The signs were subtle at first. The harbor, which used to reliably freeze solid, stayed ice-free one winter, and then the next. The coastal sea-ice routes, used by trucks to carry supplies to remote villages, began to melt. The nearby glacier quickened its retreat up the fjord. The tundra flowers bloomed early. And then, in a signal as unequivocal as the return of the geese in spring, came the ultimate evidence that global warming was serious business: incoming flocks of international journalists and politicians. "Last week we had the Danish prime minister and the president of the European Commission," Piitannguaq Pedersen, booking agent for the Hotel Arctic in Ilulissat, told me when I visited in June. "We’ve also had the BBC and the Washington Post."
When it comes to climate change, Greenland is the front line. Climate scientists confirm what the locals have been saying for a decade: Greenland’s weather is getting warmer (by nearly 4 degrees in the last 15 years), and it’s wreaking monumental changes on the island’s icy environment. And that, perversely, has translated into a kind of celebrity. Movies like An Inconvenient Truth and books such as Elizabeth Kolbert’s Field Notes from a Catastrophe have given Greenland a star turn as the leading image of potential ecological disaster.
Curiously, just as the world’s attention is fixed on Greenland and its receding ice cap, tourism here is taking off, rising by a full 10 percent in the past two years. In May, Air Greenland debuted its first-ever direct service from the United States, a twice-weekly, four-hour flight between Baltimore and the air hub of Kangerlussuaq, on the island’s west coast. The flight serves an ever growing number of adventure travelers in search of untouched locations to explore. And then there are the rubberneckers, driven by a morbid fascination with Greenland’s dangerous, melting beauty. I fell squarely into both camps.
Within 24 hours of landing at Kangerlussuaq—a tiny settlement alongside a huge, decommissioned American airbase—I was bumping along the dirt road that leads to the edge of the ice sheet. The landscape was stark and comfortless, a series of bare, glacier-rounded hills softened by patches of tundra and a few musk oxen, shaggy goatlike beasts swathed in curtains of long, silky brown hair.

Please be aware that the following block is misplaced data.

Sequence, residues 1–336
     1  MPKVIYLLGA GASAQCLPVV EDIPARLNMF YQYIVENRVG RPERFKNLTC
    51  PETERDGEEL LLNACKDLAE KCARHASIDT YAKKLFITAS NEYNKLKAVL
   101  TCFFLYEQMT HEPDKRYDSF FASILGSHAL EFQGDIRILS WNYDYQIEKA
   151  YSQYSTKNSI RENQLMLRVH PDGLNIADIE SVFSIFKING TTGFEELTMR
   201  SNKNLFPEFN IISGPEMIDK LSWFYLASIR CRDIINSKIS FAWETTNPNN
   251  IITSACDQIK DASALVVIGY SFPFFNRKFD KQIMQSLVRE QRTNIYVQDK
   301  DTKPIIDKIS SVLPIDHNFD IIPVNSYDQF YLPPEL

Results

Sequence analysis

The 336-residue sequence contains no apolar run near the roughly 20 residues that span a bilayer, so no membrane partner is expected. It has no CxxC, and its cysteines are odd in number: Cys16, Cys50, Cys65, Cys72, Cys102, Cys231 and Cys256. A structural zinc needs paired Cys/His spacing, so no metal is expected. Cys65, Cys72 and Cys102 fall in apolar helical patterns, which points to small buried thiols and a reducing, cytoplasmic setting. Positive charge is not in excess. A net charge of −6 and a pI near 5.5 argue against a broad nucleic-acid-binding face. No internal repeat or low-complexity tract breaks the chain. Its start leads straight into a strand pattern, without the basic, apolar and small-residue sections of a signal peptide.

The place seemed so indifferent to human existence that it felt almost extraterrestrial. Yet the last 4,000 years have brought at least eight waves of migration. The Norse, under Erik the Red, settled in 982 and scratched out a living for more than four centuries before vanishing. The Inuit, who last migrated from present-day Canada at about the same time, survived, and today their descendants account for 85 percent of the population. Many make their living as fishermen, living in small settlements scattered along the southwestern coast, in the narrow habitable band squeezed between the ocean and the vast ice cap.
Four-fifths of the world’s largest island is covered by this ice, which is up to two miles thick and the size of Western Europe. At first glance, however, it’s rather unimpressive. After disembarking some 15 miles from Kangerlussuaq, I clambered over a tumbled gravel landscape and caught a glimpse of the fabled ice sheet: a field of dirty snow that stretched to a nearby ridge. I climbed higher, and at the top of an ice hillock I found the view I was looking for: an unearthly, rolling whiteness that stretched on and on and on—350 miles, to the island’s eastern edge. The only sound was the wind and the tinkling of rivulets of meltwater, seeping out of cracks in the ice and gathering themselves into a small stream.